Longtime legendary head coach Vincent Joseph Dooley meant the world to a lot of people, and being tasked with describing what he meant to me is quite the responsibility. I’m younger and never saw Coach Dooley in action on the sidelines but his impact on this city and this University didn’t end when he stepped off the field that is now named for him.
My first interaction with Coach Dooley came when I was barely old enough to hold a football, but I went to my grandmother’s store, Appointments at 5, with a football in hand as Coach Dooley signed books for all the customers. He signed my football and it still sits in my bedroom with the words “To Hamilton, Go Dawgs! Vince Dooley” written on it. He regularly held book signings at the store, and that gesture in itself always made my grandmother Kitty Culpepper and her partner Jenny Sligh the happiest ladies in the Classic City.
I didn’t realize it then, but that signature on that football is priceless in Dawg country, and that experience will stick with my grandmother and me forever.
My next interaction with Coach Dooley came in 2015. Prior to the Alabama game, I did a piece on the history of the Georgia/Alabama rivalry. BI owner/editor Vance (Leavy) got me in touch with Coach who then gave me a call to give me a few quotes on the series and his experiences playing the Tide. He had matchups with the other college football legend Bear Bryant, and the stories were incredible. Coach Dooley, who had plenty of other things to do, gave his time for a phone call to an eighth grader with minimal journalistic experience, but it made that kid’s year despite getting throttled by Alabama that weekend.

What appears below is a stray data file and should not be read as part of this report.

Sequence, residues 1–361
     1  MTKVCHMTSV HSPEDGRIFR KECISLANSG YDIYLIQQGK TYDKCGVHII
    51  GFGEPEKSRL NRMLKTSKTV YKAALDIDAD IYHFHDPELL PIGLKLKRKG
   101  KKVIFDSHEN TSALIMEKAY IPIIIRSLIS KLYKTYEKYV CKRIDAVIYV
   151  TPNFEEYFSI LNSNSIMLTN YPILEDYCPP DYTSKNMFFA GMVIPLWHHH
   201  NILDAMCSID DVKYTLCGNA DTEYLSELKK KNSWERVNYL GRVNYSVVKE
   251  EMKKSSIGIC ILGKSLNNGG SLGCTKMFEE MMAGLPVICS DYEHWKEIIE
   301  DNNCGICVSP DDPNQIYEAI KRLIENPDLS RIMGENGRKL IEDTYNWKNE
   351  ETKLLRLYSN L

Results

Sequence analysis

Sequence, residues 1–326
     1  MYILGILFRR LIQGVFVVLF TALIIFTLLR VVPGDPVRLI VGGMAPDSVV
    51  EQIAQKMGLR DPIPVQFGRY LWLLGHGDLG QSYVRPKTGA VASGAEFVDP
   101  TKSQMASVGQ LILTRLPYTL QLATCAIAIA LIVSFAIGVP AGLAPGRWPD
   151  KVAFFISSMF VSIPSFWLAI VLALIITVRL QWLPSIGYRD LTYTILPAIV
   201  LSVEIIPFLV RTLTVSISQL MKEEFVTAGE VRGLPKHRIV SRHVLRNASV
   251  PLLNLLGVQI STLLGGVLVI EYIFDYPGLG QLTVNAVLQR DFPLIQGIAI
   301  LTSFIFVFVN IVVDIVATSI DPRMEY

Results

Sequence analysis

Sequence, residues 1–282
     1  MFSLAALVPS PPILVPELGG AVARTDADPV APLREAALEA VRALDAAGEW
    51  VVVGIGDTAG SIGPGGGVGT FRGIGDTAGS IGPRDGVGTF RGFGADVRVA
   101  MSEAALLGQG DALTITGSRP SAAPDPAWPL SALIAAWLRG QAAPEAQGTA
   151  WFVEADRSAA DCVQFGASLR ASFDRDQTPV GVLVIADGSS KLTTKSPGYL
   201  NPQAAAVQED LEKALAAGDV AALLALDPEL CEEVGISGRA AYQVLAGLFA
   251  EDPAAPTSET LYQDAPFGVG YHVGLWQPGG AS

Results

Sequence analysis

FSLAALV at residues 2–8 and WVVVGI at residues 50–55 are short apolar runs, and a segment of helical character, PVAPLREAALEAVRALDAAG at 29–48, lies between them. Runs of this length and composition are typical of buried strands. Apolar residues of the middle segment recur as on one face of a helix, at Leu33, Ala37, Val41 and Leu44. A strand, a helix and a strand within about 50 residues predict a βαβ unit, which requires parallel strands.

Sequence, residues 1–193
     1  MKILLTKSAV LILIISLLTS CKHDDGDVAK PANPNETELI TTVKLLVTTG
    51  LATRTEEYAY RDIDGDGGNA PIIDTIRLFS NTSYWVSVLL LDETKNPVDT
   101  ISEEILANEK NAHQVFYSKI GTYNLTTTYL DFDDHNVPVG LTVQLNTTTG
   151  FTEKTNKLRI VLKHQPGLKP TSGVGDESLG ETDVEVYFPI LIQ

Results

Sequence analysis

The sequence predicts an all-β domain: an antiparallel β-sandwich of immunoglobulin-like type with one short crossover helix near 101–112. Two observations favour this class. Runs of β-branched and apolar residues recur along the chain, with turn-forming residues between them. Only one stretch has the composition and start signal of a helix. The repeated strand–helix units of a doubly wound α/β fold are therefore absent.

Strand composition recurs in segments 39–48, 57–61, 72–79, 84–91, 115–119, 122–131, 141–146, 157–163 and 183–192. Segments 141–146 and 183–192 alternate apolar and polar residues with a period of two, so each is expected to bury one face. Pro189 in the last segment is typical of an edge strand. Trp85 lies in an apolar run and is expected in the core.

I read that article the other day after Coach Dooley’s passing. He reflected on the 1965 win over Alabama, the Tide’s lone loss in their national title year. The details of the story recalled by Coach Dooley signified, at that point in his career, it was one of his greatest wins. It was a flea flicker that Dooley called and the two-point conversion to seal the 18-17 win.
The simple story and five minute phone call, once again, made an all-time memory in my young journalism career.
The third and most important memory I recall with Coach Dooley was a few years later. Cheri and Vance asked me to tag along at the Athens Touchdown Club on an average Monday in the fall; little did I know, Coach Dooley delivered just like he did in 1980 and made yet another memory for a young Bulldog.
The featured speaker Aaron Murray was giving his remarks. He began to talk about his new endeavors as a TV analyst for CBS. Coach Dooley, from his regular spot at the featured table in the front of the room, spotted me across the Athens Country Club ballroom while Aaron was talking, waved, gave me a wink and pointed at me.
That moment asserted a dream for me.
After the speakers finished, Coach Dooley came to speak to Vance, Cheri and, to my surprise, me. Vance began to introduce me, and Coach Dooley interrupted Vance and said, “I know who this is. The great Bulldog journalist prodigy.”
When Coach Dooley originally found me in the crowd while Aaron spoke, I did not know if it was intentional. He could have been waving at the countless Bulldogs in the room who he had probably met hundreds of times more than me, but after he spoke to me, I knew he was intentionally waving at me. He told me that when Aaron began talking about journalism he pointed at me inferring that I would be in that position one day.
As I said, that moment made my goal of being a successful journalist that much clearer. I mean, if Coach Dooley refers to you as a prodigy, it’s gotta mean something. He had seen a lot of talent in his day, but to pick my talent out and recognize it, meant to me that I have to make this dream a reality.
I know Coach Dooley has had an impact on many other people just like he has on me; I am just lucky enough to get to publicly tell my story.
I’ve interviewed multiple student-athletes who played under Coach Dooley and even more people who have had interactions with him. It didn’t matter if you were a player or a bypasser on the streets of Athens, seeing Coach Dooley always made the Georgia people happy. I think I speak for everyone when I say Coach Dooley is a kind, a real deal, down-to-earth, humble, DAMN GOOD DAWG!
Heroes are remembered. Legends never die. The Bulldog Spirit is eternal. Rest in Peace, Coach!! And as always, Go Dawgs!!